Chemistry, The Central Science , 10th edition Theodore L. Brown; H. Eugene LeMay, Jr.; and Bruce E. Bursten. Chapter 19 Chemical Thermodynamics. John D. Bookstaver St. Charles Community College St. Peters, MO 2006, Prentice Hall, Inc. First Law of Thermodynamics.
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Processes that are spontaneous in one direction are nonspontaneous in the reverse direction.
In a reversible process the system changes in such a way that the system and surroundings can be put back in their original states by exactly reversing the process.
S = SfinalSinitial
The second law of thermodynamics states that the entropy of the universe increases for spontaneous processes, and the entropy of the universe does not change for reversible processes.
In other words:
For reversible processes:
Suniv = Ssystem + Ssurroundings = 0
For irreversible processes:
Suniv = Ssystem + Ssurroundings > 0
These last truths mean that as a result of all spontaneous processes the entropy of the universe increases.
S = k lnW
where k is the Boltzmann constant, 1.38 1023 J/K.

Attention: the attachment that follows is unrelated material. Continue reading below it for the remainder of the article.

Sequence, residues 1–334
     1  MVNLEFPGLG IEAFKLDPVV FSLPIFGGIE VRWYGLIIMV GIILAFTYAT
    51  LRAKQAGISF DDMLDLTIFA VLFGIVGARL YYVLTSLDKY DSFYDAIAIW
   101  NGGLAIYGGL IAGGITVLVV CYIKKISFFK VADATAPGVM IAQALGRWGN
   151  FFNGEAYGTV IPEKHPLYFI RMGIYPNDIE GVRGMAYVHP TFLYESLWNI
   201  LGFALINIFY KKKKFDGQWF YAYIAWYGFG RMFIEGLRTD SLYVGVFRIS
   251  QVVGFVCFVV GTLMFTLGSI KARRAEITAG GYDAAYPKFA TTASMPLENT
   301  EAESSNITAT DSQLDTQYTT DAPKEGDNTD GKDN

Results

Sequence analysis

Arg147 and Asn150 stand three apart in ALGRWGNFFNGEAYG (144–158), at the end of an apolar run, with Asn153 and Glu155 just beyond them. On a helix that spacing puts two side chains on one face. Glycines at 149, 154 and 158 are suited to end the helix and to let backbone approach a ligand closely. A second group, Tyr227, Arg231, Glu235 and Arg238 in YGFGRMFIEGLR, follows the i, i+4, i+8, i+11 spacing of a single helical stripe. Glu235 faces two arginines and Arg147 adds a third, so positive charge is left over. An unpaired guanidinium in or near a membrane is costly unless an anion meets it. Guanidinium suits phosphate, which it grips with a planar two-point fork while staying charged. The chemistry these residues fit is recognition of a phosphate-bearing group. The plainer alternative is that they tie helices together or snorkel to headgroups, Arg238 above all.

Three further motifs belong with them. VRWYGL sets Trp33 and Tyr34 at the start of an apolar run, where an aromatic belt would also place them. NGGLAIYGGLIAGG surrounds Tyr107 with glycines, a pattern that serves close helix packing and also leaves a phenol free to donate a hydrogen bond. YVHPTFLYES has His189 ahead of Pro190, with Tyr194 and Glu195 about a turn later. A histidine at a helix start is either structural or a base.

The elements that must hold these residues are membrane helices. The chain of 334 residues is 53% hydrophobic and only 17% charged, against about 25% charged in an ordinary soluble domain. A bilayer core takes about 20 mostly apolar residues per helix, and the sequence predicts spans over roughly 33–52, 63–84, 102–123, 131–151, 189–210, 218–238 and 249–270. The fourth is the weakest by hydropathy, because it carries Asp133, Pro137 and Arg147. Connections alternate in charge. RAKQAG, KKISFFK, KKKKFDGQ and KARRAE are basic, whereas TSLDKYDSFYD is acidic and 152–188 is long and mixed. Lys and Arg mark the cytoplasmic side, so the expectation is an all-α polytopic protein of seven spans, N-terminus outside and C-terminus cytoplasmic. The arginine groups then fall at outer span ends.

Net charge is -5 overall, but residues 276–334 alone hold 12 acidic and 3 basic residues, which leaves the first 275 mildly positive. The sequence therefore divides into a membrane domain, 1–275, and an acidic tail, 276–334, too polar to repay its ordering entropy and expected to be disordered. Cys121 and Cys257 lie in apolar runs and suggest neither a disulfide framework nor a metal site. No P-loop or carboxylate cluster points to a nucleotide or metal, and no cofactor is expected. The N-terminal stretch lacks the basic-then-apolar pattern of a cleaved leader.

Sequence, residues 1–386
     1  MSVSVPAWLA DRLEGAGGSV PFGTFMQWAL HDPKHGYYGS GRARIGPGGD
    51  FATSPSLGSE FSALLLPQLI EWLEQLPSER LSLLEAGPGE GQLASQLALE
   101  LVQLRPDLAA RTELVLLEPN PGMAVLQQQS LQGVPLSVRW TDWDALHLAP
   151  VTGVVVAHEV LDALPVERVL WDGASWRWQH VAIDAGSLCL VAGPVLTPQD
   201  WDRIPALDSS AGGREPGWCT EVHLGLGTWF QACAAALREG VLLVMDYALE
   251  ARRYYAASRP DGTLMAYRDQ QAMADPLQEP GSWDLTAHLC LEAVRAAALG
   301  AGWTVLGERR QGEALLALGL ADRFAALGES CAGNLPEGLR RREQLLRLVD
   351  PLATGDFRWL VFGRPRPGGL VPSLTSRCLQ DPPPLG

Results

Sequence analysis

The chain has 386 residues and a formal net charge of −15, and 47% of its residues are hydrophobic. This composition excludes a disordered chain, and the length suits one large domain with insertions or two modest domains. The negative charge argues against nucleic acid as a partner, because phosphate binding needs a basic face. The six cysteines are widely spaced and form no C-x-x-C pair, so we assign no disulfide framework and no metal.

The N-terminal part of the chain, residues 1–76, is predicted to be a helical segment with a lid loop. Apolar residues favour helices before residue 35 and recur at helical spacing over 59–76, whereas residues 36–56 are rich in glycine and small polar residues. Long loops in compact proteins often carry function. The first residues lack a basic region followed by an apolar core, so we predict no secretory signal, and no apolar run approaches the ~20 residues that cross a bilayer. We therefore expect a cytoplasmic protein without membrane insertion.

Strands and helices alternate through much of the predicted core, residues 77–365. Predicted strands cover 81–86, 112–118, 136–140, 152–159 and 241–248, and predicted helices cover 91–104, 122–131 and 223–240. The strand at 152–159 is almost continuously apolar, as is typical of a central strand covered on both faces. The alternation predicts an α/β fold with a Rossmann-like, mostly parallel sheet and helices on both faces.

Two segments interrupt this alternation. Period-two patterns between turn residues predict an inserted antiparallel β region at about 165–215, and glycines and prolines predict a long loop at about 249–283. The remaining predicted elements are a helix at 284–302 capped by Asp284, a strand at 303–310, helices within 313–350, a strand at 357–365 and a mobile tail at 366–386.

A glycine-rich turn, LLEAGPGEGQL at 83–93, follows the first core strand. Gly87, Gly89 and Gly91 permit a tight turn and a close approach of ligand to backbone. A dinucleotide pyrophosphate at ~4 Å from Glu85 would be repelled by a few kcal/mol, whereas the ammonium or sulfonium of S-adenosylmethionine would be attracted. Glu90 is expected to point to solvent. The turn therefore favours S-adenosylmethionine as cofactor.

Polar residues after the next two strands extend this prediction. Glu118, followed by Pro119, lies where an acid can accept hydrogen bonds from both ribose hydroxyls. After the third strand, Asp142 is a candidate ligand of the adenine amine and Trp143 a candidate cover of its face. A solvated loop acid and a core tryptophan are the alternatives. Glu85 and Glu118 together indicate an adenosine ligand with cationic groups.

S(g) > S(l) > S(s)
Generally, when a solid is dissolved in a solvent, entropy increases.
The entropy of a pure crystalline substance at absolute zero is 0.
Larger and more complex molecules have greater entropies.
Entropy changes for a reaction can be estimated in a manner analogous to that by which H is estimated:
S° = nS°(products) - mS°(reactants)
where n and m are the coefficients in the balanced chemical equation.
Suniverse = Ssystem + Ssurroundings
Suniverse > 0
At temperatures other than 25°C,
DG° = DH TS
How does G change with temperature?
Under any conditions, standard or nonstandard, the free energy change can be found this way:
G = G + RT lnQ
(Under standard conditions, all concentrations are 1 M, so Q = 1 and lnQ = 0; the last term drops out.)
0 = G + RT lnK
G = RT lnK
K = eG/RT